Have you ever picked out a basket of high quality, low risk stocks and tried to buy them on a "dip?" And if they did dip, you weren't afraid to buy, because you knew you were buying a high quality company that would be around for a long time. Solid balance sheet, strong demand for it's products, etc., etc., made you comfortable that even if your timing was not perfect, the stock would likely not fall too far. You were willing to buy and hold and felt real good doing it. Right?
That's how you could feel about the sugar market at it's current price levels. For as we plod through the month of May 2012, sugar finds itself the benefactor of two high quality price predictors that equate to the gold standard of commodity analysis: A favorable "big picture" fundamental outlook and a cyclical catalyst to help encourage a price move sooner rather than later.
Supplies Hit Record Lows
By "big picture" fundamentals, we are typically referring to those 2 or 3 main figures that define a commodities supply/demand balance for the year. More often than not, these are Global Ending Stocks and even more specific, Global Stocks to Usage ratios. Ending stocks measure the amount of supply left over at the end of the crop year. Stocks to Usage ratio measures the Ending stocks as compared to the upcoming year's expected demand.
All of the news you may read if you do any sugar "research", such as Indian demand or Chinese production or supply/demand surpluses or deficits, they all get thrown into a big pot and reduced to these two figures.
Sugar's 2012 Global Stocks to Usage ratio will hit the lowest level on record- leaving little room for shortfalls in 2012 production.
In 2012, global sugar stocks to usage ratio will hit 17%, the lowest levels on record. This means that at the end of this crop year, leftover supplies will be able to meet 17% of next year's projected demand. While the reasons for this are complex, the short story is that emerging market demand from places like China, India, and even domestic demand from top producer Brazil are outpacing production as a longer term trend.
While this figure is not necessarily useful in determining the short term direction of sugar, it sets the stage and provides a backdrop for everything else that happens in the market. In short, prices might not always be moving higher. But the market's "color" emits a bullish hue.
This is extremely important to you as an Option Seller. Because you're not trying to guess market direction - only where prices are least likely to go.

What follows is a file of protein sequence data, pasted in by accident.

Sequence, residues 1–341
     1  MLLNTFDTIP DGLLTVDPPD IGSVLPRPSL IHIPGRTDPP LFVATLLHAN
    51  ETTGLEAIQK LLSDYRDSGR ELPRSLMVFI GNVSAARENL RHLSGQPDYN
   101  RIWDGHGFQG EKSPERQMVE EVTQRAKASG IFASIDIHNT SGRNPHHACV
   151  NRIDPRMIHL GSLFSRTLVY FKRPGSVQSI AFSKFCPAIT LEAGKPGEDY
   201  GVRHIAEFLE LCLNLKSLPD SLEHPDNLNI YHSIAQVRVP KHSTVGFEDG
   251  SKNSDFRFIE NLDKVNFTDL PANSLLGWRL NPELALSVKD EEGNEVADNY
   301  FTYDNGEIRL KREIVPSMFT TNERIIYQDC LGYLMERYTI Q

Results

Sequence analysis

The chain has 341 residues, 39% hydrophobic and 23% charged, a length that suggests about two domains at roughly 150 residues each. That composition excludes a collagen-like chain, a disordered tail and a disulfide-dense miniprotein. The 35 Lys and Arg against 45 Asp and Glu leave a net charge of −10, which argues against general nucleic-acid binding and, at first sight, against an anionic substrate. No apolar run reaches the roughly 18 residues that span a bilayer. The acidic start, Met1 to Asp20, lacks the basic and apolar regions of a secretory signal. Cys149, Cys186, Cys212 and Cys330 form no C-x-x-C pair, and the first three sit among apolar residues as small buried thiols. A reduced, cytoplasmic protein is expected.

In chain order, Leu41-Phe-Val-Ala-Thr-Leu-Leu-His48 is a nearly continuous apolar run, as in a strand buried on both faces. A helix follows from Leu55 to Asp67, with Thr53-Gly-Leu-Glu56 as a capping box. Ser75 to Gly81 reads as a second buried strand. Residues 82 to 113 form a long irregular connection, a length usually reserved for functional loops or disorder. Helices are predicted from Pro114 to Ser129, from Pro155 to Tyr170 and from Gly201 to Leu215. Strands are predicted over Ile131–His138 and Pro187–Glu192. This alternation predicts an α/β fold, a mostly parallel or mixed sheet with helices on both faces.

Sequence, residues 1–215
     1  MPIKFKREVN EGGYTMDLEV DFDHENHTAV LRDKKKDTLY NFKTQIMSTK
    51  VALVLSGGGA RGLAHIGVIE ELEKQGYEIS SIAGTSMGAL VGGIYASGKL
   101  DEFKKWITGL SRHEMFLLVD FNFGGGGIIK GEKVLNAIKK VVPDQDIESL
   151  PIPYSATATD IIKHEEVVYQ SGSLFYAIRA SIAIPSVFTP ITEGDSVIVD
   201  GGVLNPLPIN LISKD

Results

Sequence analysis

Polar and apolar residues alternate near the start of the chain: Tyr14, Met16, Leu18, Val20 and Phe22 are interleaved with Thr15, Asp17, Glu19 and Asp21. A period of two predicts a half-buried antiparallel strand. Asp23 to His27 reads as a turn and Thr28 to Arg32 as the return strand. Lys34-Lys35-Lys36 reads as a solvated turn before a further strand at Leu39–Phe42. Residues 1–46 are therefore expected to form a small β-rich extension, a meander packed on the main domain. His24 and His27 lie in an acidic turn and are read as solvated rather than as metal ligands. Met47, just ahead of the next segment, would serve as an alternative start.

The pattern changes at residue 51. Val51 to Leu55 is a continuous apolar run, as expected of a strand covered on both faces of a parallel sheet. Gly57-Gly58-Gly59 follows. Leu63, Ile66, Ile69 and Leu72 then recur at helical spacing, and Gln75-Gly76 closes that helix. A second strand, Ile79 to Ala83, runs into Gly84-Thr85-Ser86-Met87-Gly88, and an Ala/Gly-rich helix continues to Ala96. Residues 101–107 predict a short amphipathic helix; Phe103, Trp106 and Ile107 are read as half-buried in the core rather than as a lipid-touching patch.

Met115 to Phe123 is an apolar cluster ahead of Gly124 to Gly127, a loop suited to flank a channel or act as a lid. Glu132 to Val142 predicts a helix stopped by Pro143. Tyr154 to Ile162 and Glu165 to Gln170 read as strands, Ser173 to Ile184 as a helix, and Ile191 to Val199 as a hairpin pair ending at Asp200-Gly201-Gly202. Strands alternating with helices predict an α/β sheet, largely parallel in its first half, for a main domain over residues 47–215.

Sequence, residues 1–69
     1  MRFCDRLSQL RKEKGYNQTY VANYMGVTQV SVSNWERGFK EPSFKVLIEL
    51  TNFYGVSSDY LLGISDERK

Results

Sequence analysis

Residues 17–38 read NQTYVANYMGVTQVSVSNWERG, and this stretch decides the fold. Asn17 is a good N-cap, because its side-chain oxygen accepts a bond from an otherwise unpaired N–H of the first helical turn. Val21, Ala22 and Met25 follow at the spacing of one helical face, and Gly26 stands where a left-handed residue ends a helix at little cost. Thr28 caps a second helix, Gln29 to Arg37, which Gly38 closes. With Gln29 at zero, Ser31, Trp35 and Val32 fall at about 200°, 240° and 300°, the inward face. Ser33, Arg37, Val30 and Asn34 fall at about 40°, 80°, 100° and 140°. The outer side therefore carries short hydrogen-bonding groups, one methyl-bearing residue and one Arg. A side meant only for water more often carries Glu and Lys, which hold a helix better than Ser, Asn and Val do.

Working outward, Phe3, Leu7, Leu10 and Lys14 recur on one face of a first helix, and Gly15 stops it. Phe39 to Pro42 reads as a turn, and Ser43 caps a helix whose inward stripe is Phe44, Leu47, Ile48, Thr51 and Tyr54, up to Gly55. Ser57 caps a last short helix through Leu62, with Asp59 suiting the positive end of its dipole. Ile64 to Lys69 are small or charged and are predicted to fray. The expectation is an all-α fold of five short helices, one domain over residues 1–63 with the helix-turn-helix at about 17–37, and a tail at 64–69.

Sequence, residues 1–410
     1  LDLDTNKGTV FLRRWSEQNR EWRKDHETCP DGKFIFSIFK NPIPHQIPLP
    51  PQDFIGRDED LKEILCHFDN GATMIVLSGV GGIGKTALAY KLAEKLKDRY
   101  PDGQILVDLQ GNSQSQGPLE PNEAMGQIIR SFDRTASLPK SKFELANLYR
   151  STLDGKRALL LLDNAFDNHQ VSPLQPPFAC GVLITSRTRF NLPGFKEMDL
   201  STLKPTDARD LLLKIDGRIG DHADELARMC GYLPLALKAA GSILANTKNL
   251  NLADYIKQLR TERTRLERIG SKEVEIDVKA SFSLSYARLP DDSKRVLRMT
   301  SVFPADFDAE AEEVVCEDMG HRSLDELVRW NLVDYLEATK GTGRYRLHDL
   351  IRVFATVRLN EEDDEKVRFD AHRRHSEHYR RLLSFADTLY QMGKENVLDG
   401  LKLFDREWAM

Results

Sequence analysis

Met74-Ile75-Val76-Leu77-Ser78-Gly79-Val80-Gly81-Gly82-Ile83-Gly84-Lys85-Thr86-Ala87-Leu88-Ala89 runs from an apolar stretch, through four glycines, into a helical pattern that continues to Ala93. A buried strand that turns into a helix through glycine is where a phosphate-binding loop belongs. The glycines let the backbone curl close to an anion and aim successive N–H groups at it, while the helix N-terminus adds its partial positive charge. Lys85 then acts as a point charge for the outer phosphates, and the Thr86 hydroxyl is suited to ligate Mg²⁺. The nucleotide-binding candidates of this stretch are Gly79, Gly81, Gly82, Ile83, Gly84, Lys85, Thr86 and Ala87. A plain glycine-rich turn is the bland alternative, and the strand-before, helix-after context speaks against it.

Brazil, "Harvest Lows" and Higher Prices
The second ingredient to this trade is a seasonal catalyst. Big picture fundamentals are important. But knowing when potential causes of price moves will occur can be crucial in determining strike price and time selection of your options.
The chart below is a 15 year seasonal chart for sugar prices. Note that seasonal price chart reflect an average price pattern for 15 years. There is no guarantee prices will move like this in any given year. Past performance is not indicative of future results.
October Sugar Seasonal Chart: In the past, sugar prices have tended to establish lows in the heart of the Brazilian harvest, and then begin to strengthen into the second half of the year. (Past performance not indicative of future results)
What a seasonal chart does is reflect a certain set of fundamentals that tend to occur about the same time each year. In this case, the price pattern reflects the beginning of the Brazilian sugar cane harvest.
Brazil is certainly not the only sugar producer in the world. But it accounts for roughly 25% of global production and nearly 50% of global sugar exports. Therefore, harvest cycles in Brazilian sugar are a big deal for prices.
90% of this sugar is produced Brazil's center-south region. Harvest in this region begins in April and doesn't finish until November. However, May and June mark the meat of the harvest and the time when supplies are flowing most freely and rapidly to market. Thus, as is commodities rule #1, when supplies are highest, prices are often lowest. That is why sugar prices tend to establish lows in June.
After that period when the 2012 crop is effectively "priced" and harvest pace begins to slow, the market turns attention to the northern hemisphere beet crops. As the Brazilian supply train begins to fade and uncertainty over the northern beet crop builds, prices have often responded in the positive as is evidenced by the chart.
We have every reason to believe that this pattern will repeat in 2012. Given the low ending stocks projected this year, the market will be particularly sensitive to northern hemisphere crop anxiety.
Conclusion and Strategy
With Brazilian harvest in full swing, we feel sugar prices will be at or near a low over the next several weeks. Reporters will love to tout the slight sugar "surplus" the market could enjoy in 2012. What they won't tell you is that annual production surplus's or deficits are highly irrelevant in regard to overall prices. It's what's left in the barn at the end of the year that counts. Ending stocks to usage ratios will be at the lowest level in recorded history this year. That should mean limited downside in sugar over the second half of 2012.
OCTOBER 2012 SUGAR
The as the bulk of Brazilian harvest moves through the pipeline, the market will soon begin to turn it's attention the northern beet crop harvested in the fall. This could very well be a catalyst for higher prices.
As an option seller, you don't necessarily need higher prices to be successful. But the number of factors in sugars favor for Q3 and Q4 2012 should keep prices at least well supported.
As a put seller, that is your recipe for success.
Look to sell Sugar puts at strikes below the 20 cent level on any additional weakness this month. Margins are typically low on sugar options which can mean a higher ROI on successful trades.